The Rapid Growth of Remote Work: 27 Statistics and Trends for Small Businesses in 2024

As a consultant who assists startups and small businesses, I‘ve seen remote work evolve from a fringe perk to a necessary way of doing business. The COVID-19 pandemic accelerated existing trends as companies adapted out of necessity. For small business owners and entrepreneurs still deciding whether to embrace remote work, the data makes a persuasive case.

Surging Demand for Remote Jobs

Pre-pandemic in 2018, 44% of companies had no remote work options. [1] That figure has dropped precipitously. Owl Labs found that 16% of companies are now 100% remote, while 40% offer a hybrid model. [2]

Employees overwhelmingly favor flexibility. In one survey, 74% said they would quit their current job for a remote position. [3] As a small business owner, you simply can‘t afford the costs of high turnover. Offering remote work options can attract top talent who value flexibility.

Remote job postings on LinkedIn have skyrocketed over 300% from 2020 to 2021. [4] I‘ve seen this demand firsthand consulting with startups looking to hire remotely. The talent pool is far wider when location is not a limitation.

Measurable Productivity Benefits

Studies consistently show remote employees are more productive:

  • 77% of remote workers report higher productivity. [5]
  • Remote workers gain back 50+ hours per year without commuting. [6]
  • Stanford University found a 13% performance boost for remote employees. [7]

I‘ve seen these productivity gains with my own clients. Without distractions or office politics, workers can focus intently during their most productive hours. The flexibility also leads to higher morale and engagement.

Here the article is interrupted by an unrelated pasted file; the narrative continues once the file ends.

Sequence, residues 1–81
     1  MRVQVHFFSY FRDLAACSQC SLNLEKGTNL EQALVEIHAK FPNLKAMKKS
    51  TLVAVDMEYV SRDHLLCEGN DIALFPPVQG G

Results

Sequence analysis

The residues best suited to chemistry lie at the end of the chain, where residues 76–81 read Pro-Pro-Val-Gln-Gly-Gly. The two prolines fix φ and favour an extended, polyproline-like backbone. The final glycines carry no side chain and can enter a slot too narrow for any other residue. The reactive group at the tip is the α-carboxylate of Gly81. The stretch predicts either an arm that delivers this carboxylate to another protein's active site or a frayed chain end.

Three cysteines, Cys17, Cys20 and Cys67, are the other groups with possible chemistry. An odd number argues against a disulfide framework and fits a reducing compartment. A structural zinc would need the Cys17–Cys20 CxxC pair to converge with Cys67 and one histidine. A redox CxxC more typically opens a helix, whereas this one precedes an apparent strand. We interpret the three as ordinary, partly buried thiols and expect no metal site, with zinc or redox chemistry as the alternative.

Remote Work Is Here to Stay

Despite some resistance, remote work has crossed the chasm of mainstream acceptance:

  • 74% of CFOs moved employees to permanent remote work after the pandemic. [8]
  • 85% of hiring managers believe remote work will keep growing. [9]
  • 25% of all professional jobs are now fully remote. [10]

In my experience, small companies recognize remote work as a new norm, not a temporary fix. With proper implementation, you can build an effective remote workforce for the long haul.

Implementation Challenges

However, remote work does come with hurdles like communication struggles (55% of managers cite this challenge [11]), potential distractions at home, and feelings of isolation (affecting 19% of remote workers [12]).

Data security is also a concern, given 31% of companies lack sufficient cybersecurity measures for remote workers. [13] I advise clients to invest in cybersecurity training and software like virtual private networks (VPN) to keep data safe.

The Bottom Line

The data presents a persuasive case that remote work is here to stay. Small businesses who embrace it can expand their talent pool and boost productivity. With proper planning around communication, cybersecurity and company culture, remote work can give small companies a competitive edge. Feel free to reach out if you need help implementing a remote work plan tailored to your unique needs and challenges.

Sources:

[1] Owl Labs
[2] Owl Labs
[3] HRDive
[4] LinkedIn
[5] Airtasker
[6] Global Workplace Analytics
[7] Stanford University
[8] Gartner
[9] TECLA
[10] Ladders
[11] IBM
[12] Buffer
[13] Cybertalk